Longevity, Systemic Models and Business Risk

Those older than 65 account for 60% of the expenditure: it is clearly possible to define a reasonably sound quantitative model relating the increase in longevity to the increase in expenditure and, consequently, to earnings.
Moreover, since at present there there is a clear and acknowledged gap between structural supply and demand, those who operate on the supply side may achieve interesting — perhaps temporary — benefits in the form of low financing costs in the long and very long run, i.e. a position in the rate curve which for the private fund-seeker is always difficult to reach and entails high costs.
It was not by chance that in 2004 the EIB tried to issue longevity bonds at a price 20% lower that its usual standard price: it was probably excessive but obviously it will take a long time before a general understanding of fair issue pricing is achieved.
As regards the pharmaceutical industry, it seems clear that one can speak of a real relation between assets and liabilities. In this case, assets are not meant to be specifically identified items in the balance sheet: if one wished one could think of the cost of research and development, which are the primary origin of new medium-term gains.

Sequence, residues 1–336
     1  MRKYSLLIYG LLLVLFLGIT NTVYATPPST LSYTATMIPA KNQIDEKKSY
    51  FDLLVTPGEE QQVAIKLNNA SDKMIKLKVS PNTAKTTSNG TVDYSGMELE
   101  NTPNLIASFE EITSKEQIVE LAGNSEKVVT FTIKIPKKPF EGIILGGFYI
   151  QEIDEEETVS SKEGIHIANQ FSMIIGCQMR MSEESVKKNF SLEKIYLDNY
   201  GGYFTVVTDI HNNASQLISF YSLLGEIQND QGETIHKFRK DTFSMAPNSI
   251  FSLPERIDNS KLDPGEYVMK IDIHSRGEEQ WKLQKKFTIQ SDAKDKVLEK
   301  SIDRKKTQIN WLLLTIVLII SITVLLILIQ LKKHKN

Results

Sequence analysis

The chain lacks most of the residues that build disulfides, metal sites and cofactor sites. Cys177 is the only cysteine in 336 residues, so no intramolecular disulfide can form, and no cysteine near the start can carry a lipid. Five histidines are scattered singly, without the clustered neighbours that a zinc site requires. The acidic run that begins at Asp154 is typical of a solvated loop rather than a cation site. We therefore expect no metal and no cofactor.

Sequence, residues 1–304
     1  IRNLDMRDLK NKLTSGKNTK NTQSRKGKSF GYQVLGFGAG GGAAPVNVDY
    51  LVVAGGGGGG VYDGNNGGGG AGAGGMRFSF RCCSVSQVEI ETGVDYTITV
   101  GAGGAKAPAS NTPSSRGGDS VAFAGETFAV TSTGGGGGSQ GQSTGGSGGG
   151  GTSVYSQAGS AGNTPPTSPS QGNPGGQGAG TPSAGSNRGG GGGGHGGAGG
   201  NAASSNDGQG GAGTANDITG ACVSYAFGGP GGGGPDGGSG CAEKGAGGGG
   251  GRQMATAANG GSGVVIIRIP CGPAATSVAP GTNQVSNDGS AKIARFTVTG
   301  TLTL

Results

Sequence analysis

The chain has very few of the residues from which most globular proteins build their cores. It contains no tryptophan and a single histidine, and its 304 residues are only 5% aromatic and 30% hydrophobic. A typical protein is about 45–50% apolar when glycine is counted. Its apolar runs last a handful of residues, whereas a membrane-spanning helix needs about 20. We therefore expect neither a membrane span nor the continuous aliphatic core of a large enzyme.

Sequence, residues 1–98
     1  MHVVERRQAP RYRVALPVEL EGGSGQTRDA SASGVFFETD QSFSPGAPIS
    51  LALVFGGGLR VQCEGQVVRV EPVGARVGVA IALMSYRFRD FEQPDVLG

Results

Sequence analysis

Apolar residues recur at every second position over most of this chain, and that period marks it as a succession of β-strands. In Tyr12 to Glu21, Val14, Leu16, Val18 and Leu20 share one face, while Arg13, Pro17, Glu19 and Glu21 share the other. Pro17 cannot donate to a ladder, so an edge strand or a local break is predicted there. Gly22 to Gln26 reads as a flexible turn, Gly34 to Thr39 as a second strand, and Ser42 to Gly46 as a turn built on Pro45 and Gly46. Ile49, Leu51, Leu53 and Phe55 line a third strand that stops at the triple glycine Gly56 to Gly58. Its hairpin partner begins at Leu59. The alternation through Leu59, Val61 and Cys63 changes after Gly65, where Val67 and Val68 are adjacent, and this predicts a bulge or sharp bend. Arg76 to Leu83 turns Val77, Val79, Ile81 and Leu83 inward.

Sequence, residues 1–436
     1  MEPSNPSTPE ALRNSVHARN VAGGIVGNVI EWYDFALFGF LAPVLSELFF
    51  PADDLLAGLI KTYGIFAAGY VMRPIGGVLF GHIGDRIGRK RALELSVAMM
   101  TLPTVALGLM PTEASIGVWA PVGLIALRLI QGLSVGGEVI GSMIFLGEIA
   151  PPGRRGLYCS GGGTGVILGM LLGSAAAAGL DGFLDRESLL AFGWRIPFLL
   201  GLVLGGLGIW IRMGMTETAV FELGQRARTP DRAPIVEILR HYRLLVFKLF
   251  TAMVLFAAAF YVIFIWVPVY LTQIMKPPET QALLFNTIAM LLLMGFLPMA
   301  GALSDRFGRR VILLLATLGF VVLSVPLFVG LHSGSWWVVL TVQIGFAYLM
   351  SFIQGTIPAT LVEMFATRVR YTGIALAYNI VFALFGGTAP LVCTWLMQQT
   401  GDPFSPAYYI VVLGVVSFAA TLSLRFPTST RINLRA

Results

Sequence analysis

However, the profits of a business over T+1 time by definition derive from its investments (both tangible and intangible, recorded and unrecorded) in previous T periods, in other words they emerge from the asset side of the statement of assets and liabilities, though they may not be reflected in the accounts prospectus..
Mutatis mutandis, the situation does not look too different from that of inflation connected to public utilities, although in the case of the pharmaceutical industry the assessment of the longevity/proceeds relationship is obviously less clear-cut than that of inflation/utility.
The fact that utilities manage to link their proceeds to inflation provided the management with an important source of products linked to inflation, and risks were eventually allocated to subjects operating with liabilities naturally connected to inflation.